Brandt, Patrick T. and John T. Williams. 2007. Multiple Time Series Models. Sage Publications, Thousand Oaks, California. Series: Quantitative Applications in the Social Sciences. Many analyses of time series data involve multiple, related variables. Modeling Multiple Time Series presents many specification choices and special challenges. This book reviews the main competing approaches to modeling multiple time series: simultaneous equations, ARIMA, error correction models, and vector autoregression. The text focuses on vector autoregression (VAR) models as a generalization of the other approaches mentioned. Specification, estimation, and inference using these models is discussed. The authors also review arguments for and against using multi-equation time series models. Two complete, worked examples show how VAR models can be employed. An appendix discusses software that can be used for multiple time series models and software code for replicating the examples is available.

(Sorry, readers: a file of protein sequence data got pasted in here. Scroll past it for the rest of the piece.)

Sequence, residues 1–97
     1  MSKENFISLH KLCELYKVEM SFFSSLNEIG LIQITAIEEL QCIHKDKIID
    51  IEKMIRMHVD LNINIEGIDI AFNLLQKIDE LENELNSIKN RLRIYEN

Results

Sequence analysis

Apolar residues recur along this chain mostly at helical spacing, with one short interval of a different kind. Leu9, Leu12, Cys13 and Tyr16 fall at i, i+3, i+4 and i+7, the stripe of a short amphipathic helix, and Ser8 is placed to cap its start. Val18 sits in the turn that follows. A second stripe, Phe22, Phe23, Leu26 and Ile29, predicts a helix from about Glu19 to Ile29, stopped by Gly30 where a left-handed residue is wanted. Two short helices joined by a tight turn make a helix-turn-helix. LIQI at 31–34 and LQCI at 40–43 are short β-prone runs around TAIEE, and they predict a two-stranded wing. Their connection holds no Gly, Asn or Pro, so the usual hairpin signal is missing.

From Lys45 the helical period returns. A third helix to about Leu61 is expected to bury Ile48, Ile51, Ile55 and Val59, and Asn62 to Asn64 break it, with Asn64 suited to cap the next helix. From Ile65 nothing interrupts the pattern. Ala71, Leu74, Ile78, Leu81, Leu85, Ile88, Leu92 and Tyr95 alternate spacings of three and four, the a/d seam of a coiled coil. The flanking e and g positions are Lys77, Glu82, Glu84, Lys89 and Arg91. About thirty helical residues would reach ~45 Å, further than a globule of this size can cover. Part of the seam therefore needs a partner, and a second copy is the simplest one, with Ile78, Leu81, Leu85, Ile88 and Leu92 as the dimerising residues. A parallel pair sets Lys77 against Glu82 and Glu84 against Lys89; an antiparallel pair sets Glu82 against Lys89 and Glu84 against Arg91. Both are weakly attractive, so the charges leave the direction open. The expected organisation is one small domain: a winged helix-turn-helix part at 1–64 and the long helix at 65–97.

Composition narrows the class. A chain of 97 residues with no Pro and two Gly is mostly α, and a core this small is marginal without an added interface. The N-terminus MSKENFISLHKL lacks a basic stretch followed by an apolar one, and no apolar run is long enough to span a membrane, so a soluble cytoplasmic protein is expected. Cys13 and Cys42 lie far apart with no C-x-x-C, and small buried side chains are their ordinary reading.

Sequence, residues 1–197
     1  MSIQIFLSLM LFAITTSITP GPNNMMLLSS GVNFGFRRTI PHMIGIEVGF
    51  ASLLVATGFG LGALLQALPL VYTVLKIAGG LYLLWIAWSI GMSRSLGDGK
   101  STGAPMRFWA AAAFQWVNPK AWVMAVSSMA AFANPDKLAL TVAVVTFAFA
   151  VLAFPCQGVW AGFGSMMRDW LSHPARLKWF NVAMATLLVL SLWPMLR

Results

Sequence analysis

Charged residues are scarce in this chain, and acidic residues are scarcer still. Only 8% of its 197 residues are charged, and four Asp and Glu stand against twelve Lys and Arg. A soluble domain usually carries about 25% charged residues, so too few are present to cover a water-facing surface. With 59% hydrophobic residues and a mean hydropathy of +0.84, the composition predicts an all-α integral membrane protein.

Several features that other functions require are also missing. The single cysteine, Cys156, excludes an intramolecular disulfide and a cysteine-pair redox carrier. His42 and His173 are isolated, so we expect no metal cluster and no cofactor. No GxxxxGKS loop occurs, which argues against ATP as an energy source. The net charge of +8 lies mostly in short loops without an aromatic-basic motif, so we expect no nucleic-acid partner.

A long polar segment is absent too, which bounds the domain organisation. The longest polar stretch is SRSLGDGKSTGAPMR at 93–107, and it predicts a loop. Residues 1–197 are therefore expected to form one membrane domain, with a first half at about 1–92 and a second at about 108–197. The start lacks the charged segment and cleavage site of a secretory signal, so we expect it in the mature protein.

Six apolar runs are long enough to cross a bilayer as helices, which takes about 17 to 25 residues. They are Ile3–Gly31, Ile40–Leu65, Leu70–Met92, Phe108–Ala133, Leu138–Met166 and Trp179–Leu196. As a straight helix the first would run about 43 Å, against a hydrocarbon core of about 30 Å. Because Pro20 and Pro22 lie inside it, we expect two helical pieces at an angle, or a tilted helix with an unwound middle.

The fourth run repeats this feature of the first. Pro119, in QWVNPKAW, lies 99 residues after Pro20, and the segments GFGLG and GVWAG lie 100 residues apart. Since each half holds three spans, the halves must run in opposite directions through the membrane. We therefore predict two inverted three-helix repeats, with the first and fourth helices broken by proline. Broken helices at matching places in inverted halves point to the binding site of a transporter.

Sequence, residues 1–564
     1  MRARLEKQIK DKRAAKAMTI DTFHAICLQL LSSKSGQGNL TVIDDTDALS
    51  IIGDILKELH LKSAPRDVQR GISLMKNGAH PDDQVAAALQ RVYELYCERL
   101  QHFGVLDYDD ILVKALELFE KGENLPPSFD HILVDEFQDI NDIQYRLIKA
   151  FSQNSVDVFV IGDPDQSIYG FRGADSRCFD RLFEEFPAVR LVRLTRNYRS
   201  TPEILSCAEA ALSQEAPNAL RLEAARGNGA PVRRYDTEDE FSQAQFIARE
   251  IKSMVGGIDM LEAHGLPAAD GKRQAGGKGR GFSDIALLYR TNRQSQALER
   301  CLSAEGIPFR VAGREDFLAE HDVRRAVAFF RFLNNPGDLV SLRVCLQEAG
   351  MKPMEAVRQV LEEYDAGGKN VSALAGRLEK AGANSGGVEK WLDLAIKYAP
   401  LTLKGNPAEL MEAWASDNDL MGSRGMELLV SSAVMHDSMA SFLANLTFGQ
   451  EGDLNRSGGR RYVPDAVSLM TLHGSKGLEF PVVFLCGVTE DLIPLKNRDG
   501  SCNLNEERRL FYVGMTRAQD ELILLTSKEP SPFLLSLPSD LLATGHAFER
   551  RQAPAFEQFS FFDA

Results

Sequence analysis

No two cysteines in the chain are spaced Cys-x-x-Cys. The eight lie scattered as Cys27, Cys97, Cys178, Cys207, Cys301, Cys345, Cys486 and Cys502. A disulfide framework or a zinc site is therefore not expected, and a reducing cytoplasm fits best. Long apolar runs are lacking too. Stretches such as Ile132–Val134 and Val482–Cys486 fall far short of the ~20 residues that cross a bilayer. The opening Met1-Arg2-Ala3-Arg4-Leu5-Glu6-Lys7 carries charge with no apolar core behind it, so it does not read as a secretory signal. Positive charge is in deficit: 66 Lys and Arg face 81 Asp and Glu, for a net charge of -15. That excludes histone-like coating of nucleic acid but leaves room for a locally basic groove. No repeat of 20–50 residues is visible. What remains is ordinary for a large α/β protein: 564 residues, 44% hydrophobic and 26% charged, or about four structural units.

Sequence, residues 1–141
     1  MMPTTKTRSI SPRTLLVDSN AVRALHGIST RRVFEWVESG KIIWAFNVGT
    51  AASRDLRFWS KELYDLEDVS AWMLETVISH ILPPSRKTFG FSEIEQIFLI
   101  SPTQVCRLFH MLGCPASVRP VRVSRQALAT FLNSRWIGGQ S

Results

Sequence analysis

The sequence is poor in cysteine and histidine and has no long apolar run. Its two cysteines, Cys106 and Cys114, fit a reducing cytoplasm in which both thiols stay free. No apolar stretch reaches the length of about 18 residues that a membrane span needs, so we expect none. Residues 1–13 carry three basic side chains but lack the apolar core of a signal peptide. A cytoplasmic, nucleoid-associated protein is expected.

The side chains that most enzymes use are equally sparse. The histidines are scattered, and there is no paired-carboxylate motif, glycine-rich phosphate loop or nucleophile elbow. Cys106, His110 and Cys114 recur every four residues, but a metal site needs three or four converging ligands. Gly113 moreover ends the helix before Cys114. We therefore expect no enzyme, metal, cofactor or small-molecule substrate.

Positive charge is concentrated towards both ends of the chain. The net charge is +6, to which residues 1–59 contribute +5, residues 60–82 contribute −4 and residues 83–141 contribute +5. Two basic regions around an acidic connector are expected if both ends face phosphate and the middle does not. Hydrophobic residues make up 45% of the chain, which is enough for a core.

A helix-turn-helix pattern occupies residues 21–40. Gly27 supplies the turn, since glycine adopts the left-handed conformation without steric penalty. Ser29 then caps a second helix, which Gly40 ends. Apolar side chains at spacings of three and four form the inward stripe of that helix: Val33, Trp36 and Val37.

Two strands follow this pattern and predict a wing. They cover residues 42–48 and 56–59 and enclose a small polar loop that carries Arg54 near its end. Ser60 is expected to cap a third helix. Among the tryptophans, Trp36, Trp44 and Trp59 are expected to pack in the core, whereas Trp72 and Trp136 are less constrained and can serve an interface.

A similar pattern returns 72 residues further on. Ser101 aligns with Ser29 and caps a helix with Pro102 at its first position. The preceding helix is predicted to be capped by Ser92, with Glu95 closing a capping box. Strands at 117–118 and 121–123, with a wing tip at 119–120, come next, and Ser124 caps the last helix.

Key Features:

  1.  Offers a detailed comparison of different time series methods and approaches.
  2.  Includes a self-contained introduction to vector autoregression modeling
  3.  Situates multiple time series modeling as a natural extension of commonly taught statistical models.

Patrick T. Brandt and John R. Freeman. 2006. Advances in Bayesian Time Series Modeling and the Study of Politics: Theory Testing, Forecasting, and Policy Analysis. Political Analysis. 14(1): 1-36. Bayesian approaches to the study of politics are increasingly popular. But Bayesian approaches to modeling multiple time series have not been critically evaluated. This is in spite of the potential value of these models in international relations, political economy, and other fields of our discipline. We review recent developments in Bayesian multi-equation time series modeling in theory testing, forecasting, and policy analysis. Methods for constructing Bayesian measures of uncertainty of impulse responses (Bayesian shape error bands) are explained. A reference prior for these models that has proven useful in short and medium term forecasting in macroeconomics is described. Once modified to incorporate our experience analyzing political data and our theories, this prior can enhance our ability to forecast over the short and medium terms complex political dynamics like those exhibited by certain international conflicts. In addition, we explain how contingent Bayesian forecasts can be constructed, contingent Bayesian forecasts that embody policy counterfactuals. The value of these new Bayesian methods is illustrated in a reanalysis of the Israeli-Palestinian conflict of the 1980s.